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Christopher Gray: an Appreciation

Architectural historian and New York Times columnist Christopher Gray died last week. He was 66. Milstein Division librarians took a moment to reflect on Gray's work, and his impact on the written history of New York City and research of its built environment. Read More ›

Life in All Its Granite Hardness: A Selection of Irish Noir

Bleak, dark, grimly realistic, morally and psychologically complex with a dash of gallows humor. Scandinavian Noir has some serious competition from its Irish cousin. Check out some Irish crime writers this St. Patrick’s Day weekend.Read More ›

Disney Classics in the Digital Collections

While the illustrators each gave the stories their own artistic spin, we spotted some traces of the Disney characters we know and love in the past.Read More ›

NYPL #FridayReads: The Amazing Women Binders Edition March 17, 2016

During the week, it can be tough to stay on top of everything. On Fridays, though, we suggest kicking back to catch up on all the delightful literary reading the internet has to offer. Don’t have the time to hunt for good reads? Never fear. We've rounded up the best bookish reading of the week for you.Read More ›

Best Translated French Fiction: Announcing the Albertine Prize Finalists

Aiming to celebrate the best of contemporary French-language literature, Albertine, the bookshop of the Cultural Services of the French Embassy, has revealed the shortlist for the inaugural Albertine Prize, an annual award honoring the author and the translator of one Francophone novel published in the U.S. over the past year.Read More ›

Job and Employment Links for the Week of March 19

Find job listings, job fairs, free job training programs and more.Read More ›

Podcast #155: Etgar Keret, the Rock and the Hard Place

For this week's episode of the New York Public Library Podcast, we're proud to present Israeli writer Etgar Keret in conversation with LIVE from the NYPL's own Paul Holdengraber.Read More ›

'Easy A' Translated To 'The Scarlet Letter' Era English

To commemorate the long life and legacy of The Scarlet Letter, we're matching moments from Easy A to their counterparts in The Scarlet Letter.Read More ›

#LiteraryMarchMadness 2017: Which Book Will Win?

Welcome to our Fourth Annual Literary March Madness (#LiteraryMarchMadness)! This is a bracket-style tournament like the NCAA March Madness basketball tournament, but with a literary twist: our competition pits beloved books against each other and the winner is decided by you!Read More ›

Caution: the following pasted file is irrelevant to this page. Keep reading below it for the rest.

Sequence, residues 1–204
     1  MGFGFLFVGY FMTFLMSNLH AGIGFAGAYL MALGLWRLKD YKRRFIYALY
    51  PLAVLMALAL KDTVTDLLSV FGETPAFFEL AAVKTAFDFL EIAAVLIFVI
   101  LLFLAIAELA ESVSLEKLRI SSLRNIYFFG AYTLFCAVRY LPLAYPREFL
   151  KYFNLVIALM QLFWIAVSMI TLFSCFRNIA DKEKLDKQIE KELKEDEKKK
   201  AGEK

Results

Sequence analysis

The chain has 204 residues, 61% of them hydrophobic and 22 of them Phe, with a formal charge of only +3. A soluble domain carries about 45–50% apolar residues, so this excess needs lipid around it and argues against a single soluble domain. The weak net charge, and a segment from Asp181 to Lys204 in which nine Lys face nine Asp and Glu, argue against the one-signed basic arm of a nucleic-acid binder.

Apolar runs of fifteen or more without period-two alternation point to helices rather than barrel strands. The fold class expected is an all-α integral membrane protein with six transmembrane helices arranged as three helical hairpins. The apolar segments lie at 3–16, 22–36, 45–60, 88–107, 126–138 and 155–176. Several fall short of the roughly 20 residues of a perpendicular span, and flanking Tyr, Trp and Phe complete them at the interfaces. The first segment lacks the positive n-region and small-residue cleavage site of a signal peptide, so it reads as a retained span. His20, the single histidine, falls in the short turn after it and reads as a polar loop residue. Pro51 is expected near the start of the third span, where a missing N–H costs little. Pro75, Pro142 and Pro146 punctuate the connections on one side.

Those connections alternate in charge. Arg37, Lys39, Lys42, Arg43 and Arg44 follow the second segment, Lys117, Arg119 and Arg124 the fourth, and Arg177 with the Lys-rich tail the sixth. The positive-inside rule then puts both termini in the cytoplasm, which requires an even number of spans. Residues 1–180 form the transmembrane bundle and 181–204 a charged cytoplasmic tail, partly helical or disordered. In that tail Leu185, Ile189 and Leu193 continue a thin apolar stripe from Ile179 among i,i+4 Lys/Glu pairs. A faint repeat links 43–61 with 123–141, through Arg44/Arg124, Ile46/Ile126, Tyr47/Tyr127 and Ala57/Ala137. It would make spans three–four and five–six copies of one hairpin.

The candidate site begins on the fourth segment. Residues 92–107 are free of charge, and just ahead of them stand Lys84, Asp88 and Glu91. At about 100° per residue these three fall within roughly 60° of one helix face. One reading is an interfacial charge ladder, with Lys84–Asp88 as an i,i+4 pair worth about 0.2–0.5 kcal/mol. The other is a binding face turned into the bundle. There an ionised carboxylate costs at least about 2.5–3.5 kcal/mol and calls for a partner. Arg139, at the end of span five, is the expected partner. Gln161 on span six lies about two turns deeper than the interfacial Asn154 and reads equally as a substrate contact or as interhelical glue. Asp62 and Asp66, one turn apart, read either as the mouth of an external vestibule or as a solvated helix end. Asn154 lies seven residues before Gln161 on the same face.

Novedades de Marzo 2017: Celebrando el mes de la historia de la mujer

Una breve selección de historias y temas recientes que enaltecen la calidad humana, esfuerzos y valores de la mujer.Read More ›

One Book, One New York Winner Announced

One Book, One New York is a program in which residents of all five boroughs are encouraged to read the same book at the same time. But there can only be one winner.Read More ›

Current Feminist Writers

There are many diverse feminist voices writing right now. This list—from books to TEDTalks—will help direct you toward some of these voices. Read More ›

Remembering Amy Krouse Rosenthal, Master of Wordplay

On the cover of Amy Krouse Rosenthal’s unconventional 2005 memoir, four sentences are written above the title: “I have not survived against all odds. I have not lived to tell. I have not witnessed the extraordinary. This is my story.” Read More ›

Pi(e) Day in the Map Division

Taking inspiration from the delightful National Cookie Day post, the Map Division is using Pi(e) Day as cause to celebrate not only our love for pie (the eating kind), but also, the wonderful variety of pictorial maps in the collections of the Lionel Pincus and Princess Firyal Map Division.Read More ›

What's So Special About Pi?

As it turns out, π is an incredibly special number with a lot of interesting properties, and it pops up in many, many formulas that dictate how our universe works and explain some of the deepest relations in mathematics.Read More ›

NYPL Recommends: Middle Grade Fiction

NYPL recommends eight new titles for voracious middle grade readers. Read More ›

NYPL Recommends: New Picture Books

We are loving these new picture books and we think you and your little readers will too. Happy reading, and learning, and laughing, and sharing. Read More ›

From Snowy Days to Scientists: Books Featuring Kids and Families of Color

Ezra Jack Keats' The Snowy Day , first published in March 1962, follows a little boy exulting in a big snowfall in New York City. In the tradition of Keats' classic, we asked our NYPL experts to recommend children’s books that feature kids and families of color.Read More ›

Where to Start with the Beat Generation

Forerunners of the counterculture movement of the 60's, the Beats have been widely read for decades and continue to influence the development of literature today. If you've yet to get into the novels and poetry produced by this band of literary rebels, here are a few selections to point you in the right direction.Read More ›

Job and Employment Links for the Week of March 12

Find career development workshops, job listings, job fairs, and more.Read More ›
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